Tuesday, May 29, 2007

The state's CEO needs to get her house in order

Letter to the Editor

To the editor,

Over the past several months, there has been much posturing about how to balance this year's budget shortfall which as of mid-May had ballooned to over $800 million.  The assumption from the governor's office is that we have "cut to the bone" and there is no where else to find savings, therefore we must raise taxes to balance the shortfall.

What the governor seems unwilling or unable to deal with is a basic problem of mismanagement in state government, a problem that only the head of the executive branch can address. Governor Granholm herself was quoted as saying in December 2003 regarding cuts to higher education, "if you can't cut 5 percent a year, you are not doing your job." (Booth Newspapers, December 17, 2003). But since 2003 state government has not only grown every year, hundreds of millions have been lost because of gross mismanagement by the governor's own department heads.  Let me cite a few examples:
  • The Department of Information and Technology signs a contract for voice and data communications worth $17 million, but after several "change orders" ends up paying $129 million.

  • The Department of Management and Budget signs a contract for computing hardware, software and services worth $58 million which explodes to $555 million after "changes".

  • A 13-year contract for "all state agencies" signed for $2 million, but somehow additions are approved to increase the contract to $144 million.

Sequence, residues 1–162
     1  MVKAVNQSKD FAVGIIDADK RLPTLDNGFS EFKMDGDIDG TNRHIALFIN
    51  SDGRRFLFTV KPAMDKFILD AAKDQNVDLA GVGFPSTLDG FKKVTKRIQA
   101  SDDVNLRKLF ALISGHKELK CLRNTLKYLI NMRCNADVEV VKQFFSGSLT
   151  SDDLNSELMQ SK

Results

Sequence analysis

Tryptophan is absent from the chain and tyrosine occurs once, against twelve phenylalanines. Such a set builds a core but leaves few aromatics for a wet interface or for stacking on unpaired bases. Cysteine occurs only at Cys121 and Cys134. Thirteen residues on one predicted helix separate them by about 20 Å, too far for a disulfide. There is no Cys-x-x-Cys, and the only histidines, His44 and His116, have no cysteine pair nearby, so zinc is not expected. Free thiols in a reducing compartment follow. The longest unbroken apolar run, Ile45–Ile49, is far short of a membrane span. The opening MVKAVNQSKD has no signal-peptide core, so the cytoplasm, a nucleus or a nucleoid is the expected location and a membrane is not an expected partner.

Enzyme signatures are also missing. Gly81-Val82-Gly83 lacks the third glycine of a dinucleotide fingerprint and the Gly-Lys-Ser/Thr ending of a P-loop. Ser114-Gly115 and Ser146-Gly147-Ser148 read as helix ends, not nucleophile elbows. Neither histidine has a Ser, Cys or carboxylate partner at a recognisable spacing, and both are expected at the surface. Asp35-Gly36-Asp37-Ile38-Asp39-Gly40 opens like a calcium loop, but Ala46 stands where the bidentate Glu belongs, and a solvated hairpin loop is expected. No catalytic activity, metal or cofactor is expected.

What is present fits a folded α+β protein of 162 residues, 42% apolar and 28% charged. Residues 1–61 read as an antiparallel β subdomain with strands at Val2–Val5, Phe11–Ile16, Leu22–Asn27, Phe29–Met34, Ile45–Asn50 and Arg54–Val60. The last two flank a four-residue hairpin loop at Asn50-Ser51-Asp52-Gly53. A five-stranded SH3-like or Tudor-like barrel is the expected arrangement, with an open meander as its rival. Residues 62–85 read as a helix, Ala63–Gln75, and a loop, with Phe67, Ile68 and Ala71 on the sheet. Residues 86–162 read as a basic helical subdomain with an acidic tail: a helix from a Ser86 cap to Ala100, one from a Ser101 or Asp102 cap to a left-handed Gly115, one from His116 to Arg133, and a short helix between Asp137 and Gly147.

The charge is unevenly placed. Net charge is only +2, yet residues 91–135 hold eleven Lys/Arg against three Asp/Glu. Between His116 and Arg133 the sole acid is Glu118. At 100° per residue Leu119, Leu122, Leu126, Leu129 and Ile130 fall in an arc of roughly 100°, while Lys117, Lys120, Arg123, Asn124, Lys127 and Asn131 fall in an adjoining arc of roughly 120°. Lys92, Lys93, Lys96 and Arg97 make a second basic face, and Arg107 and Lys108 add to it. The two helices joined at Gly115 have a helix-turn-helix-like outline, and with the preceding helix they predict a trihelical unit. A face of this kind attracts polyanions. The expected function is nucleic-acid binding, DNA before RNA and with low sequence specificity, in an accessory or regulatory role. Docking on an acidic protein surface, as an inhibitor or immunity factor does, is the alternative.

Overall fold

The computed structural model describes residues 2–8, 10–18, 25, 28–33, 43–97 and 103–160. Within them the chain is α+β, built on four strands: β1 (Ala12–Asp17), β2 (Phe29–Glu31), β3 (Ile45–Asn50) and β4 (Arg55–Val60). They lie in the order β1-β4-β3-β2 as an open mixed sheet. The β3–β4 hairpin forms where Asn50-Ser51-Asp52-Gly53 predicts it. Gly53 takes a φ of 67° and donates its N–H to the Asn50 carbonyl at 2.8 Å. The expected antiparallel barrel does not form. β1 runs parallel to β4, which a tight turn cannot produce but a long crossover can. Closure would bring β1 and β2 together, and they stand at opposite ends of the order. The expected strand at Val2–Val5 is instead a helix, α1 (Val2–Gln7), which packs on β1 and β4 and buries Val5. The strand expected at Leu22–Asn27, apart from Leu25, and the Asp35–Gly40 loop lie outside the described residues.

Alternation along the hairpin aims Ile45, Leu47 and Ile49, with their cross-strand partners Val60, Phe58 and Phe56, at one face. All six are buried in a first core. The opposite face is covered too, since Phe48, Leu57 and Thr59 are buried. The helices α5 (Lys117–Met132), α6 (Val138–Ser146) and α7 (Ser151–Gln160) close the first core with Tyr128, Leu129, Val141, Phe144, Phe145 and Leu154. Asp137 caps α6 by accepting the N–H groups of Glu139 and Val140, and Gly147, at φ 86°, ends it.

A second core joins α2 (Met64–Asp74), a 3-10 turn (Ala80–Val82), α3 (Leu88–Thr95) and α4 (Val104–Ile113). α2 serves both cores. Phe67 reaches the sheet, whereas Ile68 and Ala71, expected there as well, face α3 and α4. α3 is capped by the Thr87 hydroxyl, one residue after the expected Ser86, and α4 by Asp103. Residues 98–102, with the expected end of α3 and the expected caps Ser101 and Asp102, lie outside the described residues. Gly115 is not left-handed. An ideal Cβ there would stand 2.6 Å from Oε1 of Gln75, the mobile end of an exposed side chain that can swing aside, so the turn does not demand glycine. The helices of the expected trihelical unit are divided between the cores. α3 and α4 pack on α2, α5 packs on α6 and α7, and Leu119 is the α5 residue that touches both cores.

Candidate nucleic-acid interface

• A forty-month contract with the Michigan child support enforcement system to provide project management services worth $5.6 million is increased to $200 million, (over $1 million per week in overcharges!)

  • The Department of Community Health makes over $55 million in questionable or over-payments to its Pharmacy Benefits Manager.

Meanwhile, in 2006 the Department of Human services overspends its budget by $30 million, doesn't report it as required by law and goes on spending, even though they know two months before the end of the budget year that they are over-budget and in violation of the constitution.

All of these overpayments and many more like them were reported in recent audits performed by the Auditor General of the State. The legislature responded when appropriate with new legislation to tighten controls.  But the only way to truly address these serious issues is for the Department heads to be held responsible by the "CEO" (the governor) for their incompetence.  This has not happened. To my knowledge, no department heads have been dismissed or even disciplined for their gross mismanagement.

The governor continues to ask for tax increases.  She has recommended an additional $1 billion in spending for next year and an additional 700 civil service positions, (while threatening to lay off 29 state troopers).  As a state representative responsible for sound fiscal policy, I cannot in good conscience even consider voting for tax increases when spending continues to spiral upward and hundreds of millions of dollars are mismanaged and misspent by government.  I am hopeful that the executive branch of government will get its house in order. Meanwhile, I will be reporting on progress toward a real budget solution at www.coreprinciples.blogspot.com.

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